When Albrechtsen and I agree, Ken Henry must go

Because I agree with Janet on nothing but this:

…last week former Treasury boss, now National Australia Bank chairman, Ken Henry delivered a pretentious and prolix lecture, pointing the finger for corporate misdeeds at “the state of capitalism”.

“The capitalist model is that businesses have no responsibility other than to maximise profits to shareholders,” he said. And public tolerance for this model of accountability had been pretty well eroded, he concluded. In other words, we need a new model. Out with capitalism. In with, well, who knows what? Henry’s claims will have nanny-state interventionists clamouring for “reform” — aka, another layer of regulation to be added to the layers and layers already on the books.

Here are a few alternative explanations for corporate wrongdoing. One is simply bad behaviour by people who have lost sight of a simple truth: treating customers well goes to the core of their business model.

The other explanation is that companies behaved badly because they could. In other words, hopelessly inadequate law enforcement by the Australian Securities & Investments Commission. ASIC has been more intent on doing deals with banks than enforcing the law on behalf of customers and shareholders.

Too right. And the only ways to rectify it is those at the top get boned.

Time to go, Ken.

David Llewellyn-Smith
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  1. I watched his testimony last week. I came away thinking what a pompous tool. He had this self righteous air about him, the muppet.

  2. Henry has been full of himself for years.

    A full and complete devotee of the neoliberal project over the last 40 years and now completing his tour of duty with a comfy gig at one of the key stakeholders in the state/private monetary model.

    But there are plenty of apologists for the current role of private banks in our monetary system so perhaps I am being a little harsh……just kidding.


  3. Looks like the right time to get back into banking. Shit everywhere means lots of opportunities for the right people.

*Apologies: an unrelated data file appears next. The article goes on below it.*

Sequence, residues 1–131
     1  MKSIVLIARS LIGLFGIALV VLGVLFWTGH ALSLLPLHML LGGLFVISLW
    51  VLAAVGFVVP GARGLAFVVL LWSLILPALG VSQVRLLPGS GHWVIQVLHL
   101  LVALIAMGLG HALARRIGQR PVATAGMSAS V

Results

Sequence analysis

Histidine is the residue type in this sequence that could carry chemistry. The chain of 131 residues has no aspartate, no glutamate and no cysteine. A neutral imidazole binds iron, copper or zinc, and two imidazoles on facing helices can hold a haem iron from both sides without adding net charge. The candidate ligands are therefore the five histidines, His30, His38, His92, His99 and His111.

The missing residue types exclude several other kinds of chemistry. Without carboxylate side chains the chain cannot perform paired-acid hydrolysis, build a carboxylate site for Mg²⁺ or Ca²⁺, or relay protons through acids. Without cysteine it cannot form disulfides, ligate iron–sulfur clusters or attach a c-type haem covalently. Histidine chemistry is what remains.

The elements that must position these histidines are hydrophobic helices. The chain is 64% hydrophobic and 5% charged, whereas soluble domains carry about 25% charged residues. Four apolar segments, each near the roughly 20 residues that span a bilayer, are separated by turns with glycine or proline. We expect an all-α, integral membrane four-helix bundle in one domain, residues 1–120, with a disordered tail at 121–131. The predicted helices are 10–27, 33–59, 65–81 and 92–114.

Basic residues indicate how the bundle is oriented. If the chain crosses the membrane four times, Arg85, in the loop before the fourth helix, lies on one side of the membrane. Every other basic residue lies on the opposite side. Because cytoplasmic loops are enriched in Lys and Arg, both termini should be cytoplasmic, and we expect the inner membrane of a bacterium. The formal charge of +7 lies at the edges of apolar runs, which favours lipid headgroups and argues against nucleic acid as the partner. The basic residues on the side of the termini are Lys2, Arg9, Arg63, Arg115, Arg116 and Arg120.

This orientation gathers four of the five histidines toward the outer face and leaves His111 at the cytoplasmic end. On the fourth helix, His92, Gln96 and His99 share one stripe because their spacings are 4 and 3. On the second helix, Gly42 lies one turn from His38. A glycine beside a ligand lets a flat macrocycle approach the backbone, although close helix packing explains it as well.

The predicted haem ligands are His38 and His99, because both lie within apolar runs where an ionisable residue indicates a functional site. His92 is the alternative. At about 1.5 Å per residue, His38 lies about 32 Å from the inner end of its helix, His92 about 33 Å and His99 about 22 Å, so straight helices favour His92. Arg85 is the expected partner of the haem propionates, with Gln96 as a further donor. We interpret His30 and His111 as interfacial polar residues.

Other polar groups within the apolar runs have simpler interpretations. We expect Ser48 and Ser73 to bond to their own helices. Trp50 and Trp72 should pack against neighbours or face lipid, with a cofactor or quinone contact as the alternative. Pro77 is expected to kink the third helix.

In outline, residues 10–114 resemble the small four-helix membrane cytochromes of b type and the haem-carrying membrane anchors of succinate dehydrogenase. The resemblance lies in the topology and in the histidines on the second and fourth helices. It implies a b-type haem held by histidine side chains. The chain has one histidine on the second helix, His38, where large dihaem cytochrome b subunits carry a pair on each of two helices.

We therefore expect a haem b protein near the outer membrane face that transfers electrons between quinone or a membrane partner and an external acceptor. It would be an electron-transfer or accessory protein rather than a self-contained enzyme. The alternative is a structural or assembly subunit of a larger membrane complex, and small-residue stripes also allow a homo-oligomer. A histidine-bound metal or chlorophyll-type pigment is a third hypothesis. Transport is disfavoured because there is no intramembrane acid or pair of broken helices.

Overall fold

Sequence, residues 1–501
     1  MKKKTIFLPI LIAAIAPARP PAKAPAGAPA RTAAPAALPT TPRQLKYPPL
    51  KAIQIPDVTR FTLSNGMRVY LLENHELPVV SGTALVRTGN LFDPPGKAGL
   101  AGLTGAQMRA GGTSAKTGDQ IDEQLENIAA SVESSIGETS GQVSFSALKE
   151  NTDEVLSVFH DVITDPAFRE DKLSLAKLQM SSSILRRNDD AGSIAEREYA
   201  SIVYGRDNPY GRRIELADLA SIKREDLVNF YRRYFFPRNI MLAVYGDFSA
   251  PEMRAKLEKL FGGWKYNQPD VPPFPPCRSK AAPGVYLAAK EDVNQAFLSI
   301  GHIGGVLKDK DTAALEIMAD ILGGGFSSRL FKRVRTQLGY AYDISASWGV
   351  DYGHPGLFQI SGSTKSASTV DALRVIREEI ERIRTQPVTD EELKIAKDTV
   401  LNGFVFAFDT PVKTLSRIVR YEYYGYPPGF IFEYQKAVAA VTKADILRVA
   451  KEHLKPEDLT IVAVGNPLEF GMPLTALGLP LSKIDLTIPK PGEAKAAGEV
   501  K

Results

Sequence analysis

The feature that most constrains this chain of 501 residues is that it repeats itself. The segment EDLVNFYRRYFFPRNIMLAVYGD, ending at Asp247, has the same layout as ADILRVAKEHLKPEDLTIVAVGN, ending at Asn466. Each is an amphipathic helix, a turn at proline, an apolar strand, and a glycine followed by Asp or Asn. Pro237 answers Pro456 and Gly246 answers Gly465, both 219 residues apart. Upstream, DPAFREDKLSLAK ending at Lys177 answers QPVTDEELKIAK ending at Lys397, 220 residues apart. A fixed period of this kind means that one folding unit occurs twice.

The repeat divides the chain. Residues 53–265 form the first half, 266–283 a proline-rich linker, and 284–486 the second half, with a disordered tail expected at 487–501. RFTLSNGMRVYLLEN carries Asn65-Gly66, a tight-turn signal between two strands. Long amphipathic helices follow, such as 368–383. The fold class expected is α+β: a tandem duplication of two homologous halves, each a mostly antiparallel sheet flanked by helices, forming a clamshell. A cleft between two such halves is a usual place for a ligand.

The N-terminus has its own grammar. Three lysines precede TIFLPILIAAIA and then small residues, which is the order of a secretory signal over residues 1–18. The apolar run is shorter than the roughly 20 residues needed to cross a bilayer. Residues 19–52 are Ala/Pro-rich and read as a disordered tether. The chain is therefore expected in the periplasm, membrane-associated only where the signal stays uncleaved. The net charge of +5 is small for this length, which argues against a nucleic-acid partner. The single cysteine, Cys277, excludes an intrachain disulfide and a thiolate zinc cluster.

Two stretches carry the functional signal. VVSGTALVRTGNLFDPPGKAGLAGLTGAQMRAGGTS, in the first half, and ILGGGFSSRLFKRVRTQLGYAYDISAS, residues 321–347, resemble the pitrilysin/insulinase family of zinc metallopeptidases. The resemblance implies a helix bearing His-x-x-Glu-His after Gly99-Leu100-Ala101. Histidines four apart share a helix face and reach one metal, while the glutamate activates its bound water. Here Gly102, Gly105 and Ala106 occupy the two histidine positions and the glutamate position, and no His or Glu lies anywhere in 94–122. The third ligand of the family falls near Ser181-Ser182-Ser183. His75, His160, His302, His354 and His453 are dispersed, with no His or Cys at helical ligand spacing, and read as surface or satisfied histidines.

I worked at CBA during enforceable undertaking on comminsure and CFS. Money machine and you get the fire some cvnts! May return from the US a year early!

  4. Jumping jack flash

    ” Out with capitalism. In with, well, who knows what?”
    No, no, no.. There’s nothing wrong with capitalism. It gets things done. The problem is greed. Ken is right, however they’re both barking up the wrong tree.

    The only real solution is for the government to have skin in the game to keep the market honest. They can manipulate the markets directly that way.

    Regulation isn’t the answer, it doesn’t work. All you’ll get is corruption and then Royal Commissions into everything. Tedious. Annoying. Expensive. Look to the banks to see how well that works out.

    The answer is for the government to re-enter the game as a player, steer it the way they want, and win. Let the market operate as a market should – after manipulation by the government, of course.

    Of course the pollies might start needing to actually do their jobs. For instance, the minister for energy may need to actually learn how to generate electricity and manage power stations, and the minister for banking and finance may need to run a real bank.
    Jobs and growth! Apprenticeships for the young to work at the government-owned companies. Fair pay. Perks in lieu of high wages, eg, relocation and accommodation for workers, tax exempt payments, etc.

    Failure will be treated as any other failure in the private sector – you lose your job and it gets given to someone who can do it. Including the pollie at the top. Shock horror, the pollies will suddenly be accountable and responsible for something to earn their voluminous pay…

    So I can see why this idea wouldn’t get traction. At all.

    • I reckon you just have a pure play government entity in every key sector (if our market is big enough to sustain them).

      Don’t hybridise either as Govt/Corp entities end up hoolding the worst elements of both worlds.

      If I want a cheap, low cost, boring conservative retail banker I choose gov. If I want all the ‘text book’ benefits of a privately run option then I get to see how one actually looks in the real world against the govt option and I’m free to choose.

      How many Aussies actually want the bs offered by most private banks? Give me a simple and safe bank any day, that just does simple banking. People who just want to get their pay and spend and save it with a safe bank.

      If you put your money anywhere else then you know what you are getting yourself in for, it is your risk and no bailouts!

  5. F’ken Henry is also on the board of directors of ASX and a couple of its subsidiaries. Funnily enough given his woeful effort at the rc regarding risk recognition and management he sits on their risk and audit committee. Part-time gamekeeper, full-time poacher.

    “Dr Ken Henry was appointed a director of ASX in February 2013. He is a member of the Audit and Risk Committee.
    Dr Henry is a director of ASX Clear Pty Limited and ASX Settlement Pty Limited, the ASX clearing and settlement licensees for Australia’s equity markets, and their intermediate holding companies.”

    • Spending time with too many zeros distorts a person from the reality of life.

      Basically, he’s spent too long, too close to the problem. He has now become part of the problem.
      Its a form of wealth contagion.